Rotherham sparks call for sector-wide governance review

9 Feb 15

Town halls have been urged to review their governance arrangements in light of the damning report into failures at Rotherham Borough Council.

In a response to Local Government Secretary Eric Pickles’ plan to intervene in Rotherham, the Centre for Public Scrutiny said calls to scrap cabinet or mayoral systems in local government were premature. However, governance arrangements could be usefully re-evaluated to ensure they were working in the interests of local people.

Pickles announced his planned intervention following a report by Alexis Jay, a former chief social work adviser to the Scottish Government, found a variety of historic and serious child protection failings. After a further review by Louise Casey concluded the authority was not fit for purpose, Pickles announced five commissioners would be sent in to run the authority. It has until February 19 to respond to plans for commissioners are to be sent in to run all the executive functions.

Tim Gilling, acting executive director at the CfPS, said no council is immune from service failure, irrespective of its governance structure.

It was wrong to suggest that structural change automatically means better, more responsive and safer services, and councils should resist the temptation for such changes if the hope is that doing so will cause people to behave differently. Service and governance failures often result from a range of complex factors and it was likely that cultural change would be key to improvements, he said.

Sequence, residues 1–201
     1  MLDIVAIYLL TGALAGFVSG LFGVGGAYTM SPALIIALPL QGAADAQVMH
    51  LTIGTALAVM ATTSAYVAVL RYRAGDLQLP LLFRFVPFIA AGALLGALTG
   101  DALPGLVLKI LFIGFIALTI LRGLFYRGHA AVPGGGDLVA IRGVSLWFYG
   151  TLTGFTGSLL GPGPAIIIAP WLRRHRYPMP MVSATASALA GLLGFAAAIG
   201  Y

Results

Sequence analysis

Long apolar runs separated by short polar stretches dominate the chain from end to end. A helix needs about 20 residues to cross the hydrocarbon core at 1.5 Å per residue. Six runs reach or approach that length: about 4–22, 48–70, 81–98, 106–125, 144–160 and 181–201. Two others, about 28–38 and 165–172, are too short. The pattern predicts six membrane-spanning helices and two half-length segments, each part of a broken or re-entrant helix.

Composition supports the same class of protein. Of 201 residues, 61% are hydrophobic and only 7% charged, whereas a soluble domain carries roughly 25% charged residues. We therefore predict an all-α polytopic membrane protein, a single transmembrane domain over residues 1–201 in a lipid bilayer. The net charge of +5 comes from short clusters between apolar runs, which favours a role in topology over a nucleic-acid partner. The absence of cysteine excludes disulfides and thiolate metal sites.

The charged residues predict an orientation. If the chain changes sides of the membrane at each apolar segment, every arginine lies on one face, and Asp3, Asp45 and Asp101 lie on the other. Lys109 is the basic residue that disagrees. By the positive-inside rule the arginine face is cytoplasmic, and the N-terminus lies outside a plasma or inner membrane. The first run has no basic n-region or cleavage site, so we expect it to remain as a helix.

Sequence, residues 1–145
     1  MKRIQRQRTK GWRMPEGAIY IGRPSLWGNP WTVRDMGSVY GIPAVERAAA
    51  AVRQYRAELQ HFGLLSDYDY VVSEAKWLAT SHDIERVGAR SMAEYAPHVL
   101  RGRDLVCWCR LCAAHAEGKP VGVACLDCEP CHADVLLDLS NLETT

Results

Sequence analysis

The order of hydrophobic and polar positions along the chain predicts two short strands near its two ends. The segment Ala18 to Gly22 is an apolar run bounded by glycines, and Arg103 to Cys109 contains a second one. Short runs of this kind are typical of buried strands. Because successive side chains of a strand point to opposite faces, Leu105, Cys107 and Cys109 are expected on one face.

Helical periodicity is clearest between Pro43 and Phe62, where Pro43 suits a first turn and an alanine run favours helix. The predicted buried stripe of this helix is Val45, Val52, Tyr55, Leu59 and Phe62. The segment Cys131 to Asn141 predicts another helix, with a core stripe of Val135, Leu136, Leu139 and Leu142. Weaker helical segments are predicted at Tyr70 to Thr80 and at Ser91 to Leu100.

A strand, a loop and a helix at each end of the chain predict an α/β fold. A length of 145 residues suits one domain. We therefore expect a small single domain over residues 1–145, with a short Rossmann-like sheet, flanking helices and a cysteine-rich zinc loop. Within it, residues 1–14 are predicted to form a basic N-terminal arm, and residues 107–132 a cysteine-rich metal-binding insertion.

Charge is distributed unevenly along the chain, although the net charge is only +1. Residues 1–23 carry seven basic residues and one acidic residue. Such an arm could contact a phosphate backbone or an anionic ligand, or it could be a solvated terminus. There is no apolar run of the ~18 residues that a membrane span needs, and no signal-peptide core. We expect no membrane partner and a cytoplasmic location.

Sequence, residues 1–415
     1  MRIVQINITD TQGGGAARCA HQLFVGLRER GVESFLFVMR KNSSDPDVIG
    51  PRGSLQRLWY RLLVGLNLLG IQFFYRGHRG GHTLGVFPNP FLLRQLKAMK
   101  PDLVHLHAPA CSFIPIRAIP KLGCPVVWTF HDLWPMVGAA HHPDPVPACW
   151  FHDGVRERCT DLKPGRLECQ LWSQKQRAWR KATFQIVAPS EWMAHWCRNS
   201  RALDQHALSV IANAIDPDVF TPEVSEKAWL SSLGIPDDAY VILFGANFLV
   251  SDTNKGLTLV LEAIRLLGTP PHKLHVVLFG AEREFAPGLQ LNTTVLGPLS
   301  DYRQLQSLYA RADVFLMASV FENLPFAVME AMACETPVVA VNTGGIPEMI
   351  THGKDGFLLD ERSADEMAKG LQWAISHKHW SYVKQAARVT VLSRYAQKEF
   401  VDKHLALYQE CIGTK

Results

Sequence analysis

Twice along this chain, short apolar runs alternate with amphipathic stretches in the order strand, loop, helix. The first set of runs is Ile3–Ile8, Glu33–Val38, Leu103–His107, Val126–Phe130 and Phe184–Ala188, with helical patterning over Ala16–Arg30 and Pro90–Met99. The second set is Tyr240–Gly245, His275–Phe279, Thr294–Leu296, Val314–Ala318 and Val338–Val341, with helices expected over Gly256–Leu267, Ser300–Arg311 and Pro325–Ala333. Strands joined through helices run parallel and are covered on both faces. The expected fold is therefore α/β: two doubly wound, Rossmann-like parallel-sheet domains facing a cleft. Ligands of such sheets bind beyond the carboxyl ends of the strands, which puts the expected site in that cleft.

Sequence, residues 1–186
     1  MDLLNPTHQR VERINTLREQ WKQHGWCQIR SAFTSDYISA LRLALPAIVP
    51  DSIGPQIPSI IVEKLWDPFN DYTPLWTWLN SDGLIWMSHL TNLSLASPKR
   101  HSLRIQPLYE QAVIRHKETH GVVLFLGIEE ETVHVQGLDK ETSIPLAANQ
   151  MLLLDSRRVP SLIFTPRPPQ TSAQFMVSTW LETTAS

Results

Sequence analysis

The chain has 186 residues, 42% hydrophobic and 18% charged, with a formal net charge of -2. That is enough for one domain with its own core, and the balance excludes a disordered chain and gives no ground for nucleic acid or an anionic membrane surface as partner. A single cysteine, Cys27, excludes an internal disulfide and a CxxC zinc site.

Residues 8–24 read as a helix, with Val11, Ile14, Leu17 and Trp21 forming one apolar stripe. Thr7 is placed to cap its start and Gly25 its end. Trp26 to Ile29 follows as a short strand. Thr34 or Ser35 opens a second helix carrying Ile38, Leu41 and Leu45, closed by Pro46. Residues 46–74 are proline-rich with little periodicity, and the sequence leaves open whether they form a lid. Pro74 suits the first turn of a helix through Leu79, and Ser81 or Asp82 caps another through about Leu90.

‘Whatever governance system a council operates, councillors need to have the confidence and ambition to question decisions, to hold the council’s performance to account and to drive improvements in the interests of local people.

‘Crucially they need to make sure they are able to hear the voices of local people and not rely only on performance management information generated by people that plan and deliver services.’

However, Gilling added that, following the governance failures identified in both the Jay report and by Robert Francis in his review into care at Mid Staffordshire hospitals, all authorities should review their scrutiny regimes.

‘Council scrutiny needs support from political leaders and managers to do this,’ he stated.

‘These principles should be at the heart of any system of governance whether committee system, cabinet and leader or elected mayor. We call on all councils to review their governance in the light of the Francis and Jay reports, if they have not already done so.’

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